Bristol Home Builder Proposes Solar Subdivision

Developer Aaron Lilly is seeking Bristol planning commission approval to construct 30 upscale townhouses using solar power to offset electric bills. He envisions the project as the first solar-powered subdivision east of the Mississippi, reports the Bristol Herald-Courier.

The project would be built on 12.5 hillside acres near an Interstate 81 exit. The townhomes would have 1,600 square feet of living space plus a 400-square-foot garage. Units can be configured with “smart home” technology for monitoring and control that, among other benefits, can provide medical information to a caregiver. Lilly sees the houses as “age in place” residences. He intends to price the properties in the $200,000 to $250,000 range. Said Lilly:

After seeing solar was at least possible, we’ve been working on this for over a year. It is more affordable than ever before and the price of electricity goes up every year. … There would be two meters on the house – one telling how much power we consume from [Bristol Virginia Utilities] and the other how much power is produced and the person would pay the difference.

If power keeps going up and solar keeps coming down, we’re there. If we’re not there yet, we’re close enough. This is our goal and we’re working feverishly to make sure it happens. … The first ones are an experiment. We don’t know how much power we can make.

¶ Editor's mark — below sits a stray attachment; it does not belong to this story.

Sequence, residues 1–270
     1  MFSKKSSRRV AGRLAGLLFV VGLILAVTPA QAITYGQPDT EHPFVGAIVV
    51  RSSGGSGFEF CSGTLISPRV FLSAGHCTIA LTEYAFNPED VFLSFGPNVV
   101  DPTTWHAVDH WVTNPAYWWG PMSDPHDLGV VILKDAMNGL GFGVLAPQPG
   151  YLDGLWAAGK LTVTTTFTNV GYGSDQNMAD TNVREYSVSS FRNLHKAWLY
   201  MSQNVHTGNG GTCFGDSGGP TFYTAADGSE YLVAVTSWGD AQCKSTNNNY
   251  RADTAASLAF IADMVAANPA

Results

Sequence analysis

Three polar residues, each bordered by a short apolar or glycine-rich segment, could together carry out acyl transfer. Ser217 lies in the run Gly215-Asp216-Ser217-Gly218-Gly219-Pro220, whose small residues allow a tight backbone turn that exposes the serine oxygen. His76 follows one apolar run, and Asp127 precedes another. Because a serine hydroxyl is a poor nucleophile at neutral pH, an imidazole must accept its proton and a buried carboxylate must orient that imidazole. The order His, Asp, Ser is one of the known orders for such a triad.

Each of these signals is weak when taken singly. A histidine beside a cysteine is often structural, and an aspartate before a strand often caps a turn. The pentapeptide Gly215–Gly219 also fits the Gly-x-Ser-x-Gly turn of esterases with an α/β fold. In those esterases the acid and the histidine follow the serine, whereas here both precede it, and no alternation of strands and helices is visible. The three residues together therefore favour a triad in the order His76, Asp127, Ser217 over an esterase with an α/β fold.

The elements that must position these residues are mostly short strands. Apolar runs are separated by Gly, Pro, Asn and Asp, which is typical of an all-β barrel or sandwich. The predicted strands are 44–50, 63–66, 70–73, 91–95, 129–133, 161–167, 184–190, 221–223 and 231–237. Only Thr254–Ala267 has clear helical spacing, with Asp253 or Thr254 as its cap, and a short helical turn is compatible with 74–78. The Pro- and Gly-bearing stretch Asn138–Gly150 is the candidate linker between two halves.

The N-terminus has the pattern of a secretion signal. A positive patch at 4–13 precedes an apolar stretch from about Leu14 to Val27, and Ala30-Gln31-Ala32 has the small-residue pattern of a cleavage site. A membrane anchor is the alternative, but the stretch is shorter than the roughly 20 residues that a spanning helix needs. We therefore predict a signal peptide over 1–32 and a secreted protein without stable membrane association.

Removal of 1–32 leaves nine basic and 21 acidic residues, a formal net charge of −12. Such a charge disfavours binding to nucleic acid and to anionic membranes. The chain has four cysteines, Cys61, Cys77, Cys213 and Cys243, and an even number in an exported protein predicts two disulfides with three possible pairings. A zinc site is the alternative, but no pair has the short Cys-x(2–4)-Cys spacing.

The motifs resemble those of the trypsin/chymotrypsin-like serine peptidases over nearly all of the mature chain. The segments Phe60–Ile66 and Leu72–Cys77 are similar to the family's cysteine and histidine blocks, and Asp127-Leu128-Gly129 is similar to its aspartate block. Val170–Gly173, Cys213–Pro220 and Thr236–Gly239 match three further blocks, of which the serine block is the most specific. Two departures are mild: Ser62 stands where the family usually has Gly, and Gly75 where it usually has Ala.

Planning commissioners were supportive of the proposal and granted preliminary approval.

Bacon’s bottom line: It’s hard to imagine that this is the first time a developer east of the Mississippi has proposed building new townhouses with solar panels on the roof. But I haven’t heard of anyone doing it in Virginia, so, who knows. If Lilly says it’s true, maybe it is. If so, good for him.

Economically, it may make more sense for home builders to install solar during the construction phase — Lilly will build nine connected units in Phase 1 — than for individual homeowners to outsource the project to solar installers one project at a time. Also, Lilly can pocket the solar credits, which might be worth more to him than to individual homeowners. Another selling point is that homeowners can amortize the construction cost over the life of a 30-year mortgage.

Home builders are always looking for a competitive edge. I’m surprised that we haven’t seen more of this kind of activity.

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5 responses to “Bristol Home Builder Proposes Solar Subdivision

  1. Since that story is almost three years old, I’d be curious to know how it all worked out with the Rockett’s location. It has to make more sense to design and build with solar in the original plan and to purchase the equipment in bulk. One day roof panels will be as ubiquitous as water heaters and dishwashers. I think of all the energy wasted as the sun cooked our house in the Mohave all those years ago….

  2. 3 years old and the status? yep… I’d agree… and I wonder if maybe it did not work out because I just don’t see new subdivisions being advertised as “solar” and one might think that to be a popular selling point…

    not to date myself but a few years back I remember the marketing “all electric home”…. and think a modern version might be “All Solar”… i.e rooftop solar, grid solar … electric car outlet in the garage… “connected” appliances and thermostat… ” generates less than half the greenhouse gases than a regular home”!!!

  3. hmm.. must be a story behind that faux-solar, eh?

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